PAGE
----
And Diligence for All!

In November 2017, I posted The 50 Original Rules.  It’s a recap of the history of the conduct rules that apply to lawyers.

As best as I can tell, the earliest record of guidelines for attorney conduct in the United States is David Hoffman’s 1836 publication of his Fifty Resolutions in Regard to Professional Deportment.  My post includes each of Hoffman’s 50 resolutions.

182 years later, it’s somewhat fascinating to me how many of Hoffman’s resolutions continue to resonate.  Many are embedded in the rules and our collective professional conscience.  Given my fascination, I’ve resolved to blog about the continued relevance of Hoffman’s resolutions, taking them one at a time.  So far:

  1. Don’t be a jerk.
  2. Don’t switch sides.
  3. Don’t overcomplicate trust accounting.
  4. Deliver the file
  5. Resolve to be a mentor

Today’s thought:  “And Diligence for all!”

Here’s Hoffman’s 23rd resolution:

  • “23.    In all small cases in which I may be engaged I will as conscientiously discharge my duty as in those of magnitude; always recollecting that ‘small’ and ‘large’ are to clients relative terms, the former being to a poor man what the latter is to a rich one; and, as a young practitioner, not forgetting that large ones, which we have not, will never come, if the small ones, which we have, are neglected.”

To me, #23 is a resolution to comply with the duty of diligence . . . in every single matter.  

This should go without saying, but in 20 years of screening & investigating disciplinary complaints, I’ve heard it all.  Believe it or not, I’ve had lawyers respond to complaints or inquiries by saying “THAT case?? It’s a nothing case.  What’d they expect me to do?”

Ummm, I don’t know, your job?

There are no “small” cases.  Some are worth more than others, some are more complicated than others.  But to the people involved, the matter you’re handling might very well be the most important thing in their lives.  To a degree, all they have is your diligence.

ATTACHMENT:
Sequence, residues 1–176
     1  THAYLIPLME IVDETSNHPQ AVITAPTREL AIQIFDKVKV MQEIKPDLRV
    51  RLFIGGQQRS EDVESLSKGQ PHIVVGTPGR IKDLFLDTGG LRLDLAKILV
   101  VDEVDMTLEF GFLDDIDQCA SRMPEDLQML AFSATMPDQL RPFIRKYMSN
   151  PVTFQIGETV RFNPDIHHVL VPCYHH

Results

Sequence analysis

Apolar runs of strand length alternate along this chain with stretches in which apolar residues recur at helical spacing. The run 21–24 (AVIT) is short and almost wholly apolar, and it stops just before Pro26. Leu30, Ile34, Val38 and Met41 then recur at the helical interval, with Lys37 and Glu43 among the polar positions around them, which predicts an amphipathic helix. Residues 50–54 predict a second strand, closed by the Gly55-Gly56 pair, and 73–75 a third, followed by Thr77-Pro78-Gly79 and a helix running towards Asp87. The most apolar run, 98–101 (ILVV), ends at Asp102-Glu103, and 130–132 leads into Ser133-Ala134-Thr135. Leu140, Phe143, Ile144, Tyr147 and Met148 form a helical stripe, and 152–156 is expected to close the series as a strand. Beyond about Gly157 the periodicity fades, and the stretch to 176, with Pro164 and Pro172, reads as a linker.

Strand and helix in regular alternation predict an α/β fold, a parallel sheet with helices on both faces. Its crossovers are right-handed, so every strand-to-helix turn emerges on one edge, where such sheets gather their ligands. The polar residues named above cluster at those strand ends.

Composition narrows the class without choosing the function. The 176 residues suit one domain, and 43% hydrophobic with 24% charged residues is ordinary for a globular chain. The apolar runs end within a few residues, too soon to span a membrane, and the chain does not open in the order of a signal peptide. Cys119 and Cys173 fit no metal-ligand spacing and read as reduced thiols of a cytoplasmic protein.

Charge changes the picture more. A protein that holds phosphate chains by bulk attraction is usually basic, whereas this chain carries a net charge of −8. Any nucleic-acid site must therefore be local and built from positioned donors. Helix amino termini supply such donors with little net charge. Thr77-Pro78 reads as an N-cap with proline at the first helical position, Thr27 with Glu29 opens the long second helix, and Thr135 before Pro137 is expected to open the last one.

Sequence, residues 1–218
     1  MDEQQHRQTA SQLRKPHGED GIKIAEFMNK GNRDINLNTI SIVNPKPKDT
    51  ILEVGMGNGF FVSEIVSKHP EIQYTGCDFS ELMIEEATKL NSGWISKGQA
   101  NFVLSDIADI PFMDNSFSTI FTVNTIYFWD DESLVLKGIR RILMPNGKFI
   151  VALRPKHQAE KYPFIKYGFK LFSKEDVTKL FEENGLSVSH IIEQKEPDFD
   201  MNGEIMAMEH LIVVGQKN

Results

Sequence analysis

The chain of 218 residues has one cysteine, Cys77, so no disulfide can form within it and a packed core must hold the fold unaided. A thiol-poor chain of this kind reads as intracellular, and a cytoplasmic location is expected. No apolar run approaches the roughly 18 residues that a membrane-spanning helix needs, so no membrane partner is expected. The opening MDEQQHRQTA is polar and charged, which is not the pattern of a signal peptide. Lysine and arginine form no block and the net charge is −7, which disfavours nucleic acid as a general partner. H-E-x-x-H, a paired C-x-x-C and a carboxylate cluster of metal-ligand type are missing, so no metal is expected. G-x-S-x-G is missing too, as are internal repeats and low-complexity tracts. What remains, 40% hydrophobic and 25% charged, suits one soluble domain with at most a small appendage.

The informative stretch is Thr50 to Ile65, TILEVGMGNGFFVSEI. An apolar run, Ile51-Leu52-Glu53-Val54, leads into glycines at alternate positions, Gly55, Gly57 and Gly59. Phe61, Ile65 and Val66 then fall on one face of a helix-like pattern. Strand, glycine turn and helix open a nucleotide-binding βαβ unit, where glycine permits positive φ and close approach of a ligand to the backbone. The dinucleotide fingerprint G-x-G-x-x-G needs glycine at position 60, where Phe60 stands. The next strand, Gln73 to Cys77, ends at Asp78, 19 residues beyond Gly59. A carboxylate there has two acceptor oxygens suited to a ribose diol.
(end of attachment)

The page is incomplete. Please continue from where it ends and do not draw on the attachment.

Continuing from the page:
By analogy, how many of you have gone to the doctor to have your cough & runny nose checked out this winter?  The health care professional who treated you probably saw someone with a lot worse than a cold that day.  Yet, the health care professional didn’t say “what, just a cold?” and leave you waiting while he or she went off to work on someone “sicker.”

Do the same with your clients.  When it’s time to work on a matter, work on the matter. Diligence for all.

Further, remember that even in the so-called small cases, someone is always watching.   I think that’s what  Hoffman means by “as a young practitioner, not forgetting that large ones, which we have not, will never come, if the small ones, which we have, are neglected.”

The client whose “small” matter you have today might have a “large” matter in the future.  The decision whether to retain you then might well turn on the attention you give to the “small” matter today.  Similarly, opposing counsel and judges notice how you handle yourself.  Word gets around, and words make reputations.

Finally, let me ask a question: what does it mean to learn that I’ve had lawyers say to me “THAT case?? It’s a nothing case.  What’d they expect me to do?”

It means that the client in THAT case contacted the Professional Responsibility Program to complain.  The rules do not contain exceptions for “small cases.”  Regardless of a matter’s worth or complexity, a lack of diligence is a lack of diligence. In other words, the client whose matter is too small to attend to is likely the exact client who will contact me.

There are no “small” cases.

And Diligence for all!

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3 thoughts on “And Diligence for All!

  1. Hoffman was a really happening guy who not only wrote a code of ethics, but also worked to establish a culture of law for the new U.S. He opened one of the first law schools in America and his work has had a lasting influence in the history of American jurisprudence. He directed judicial adherence to a republican value system that measured public power by private standards of morality and usefulness. The release of American individual energies formed the core of the republican creed for lawyers as well as for other occupational groups, as new America sought to replace a ruler-subject model of social organization with one based upon the principle of free
    exchange among competing and self-reliant individuals. He also tried to balance the vulgarities of Jacksonian democracy against more universally applicable principles of government.

    Check out Maryland Law Review Article (1979) Maxwell Bloomfield “David Hoffman and the Shaping of a Republican Legal Culture”

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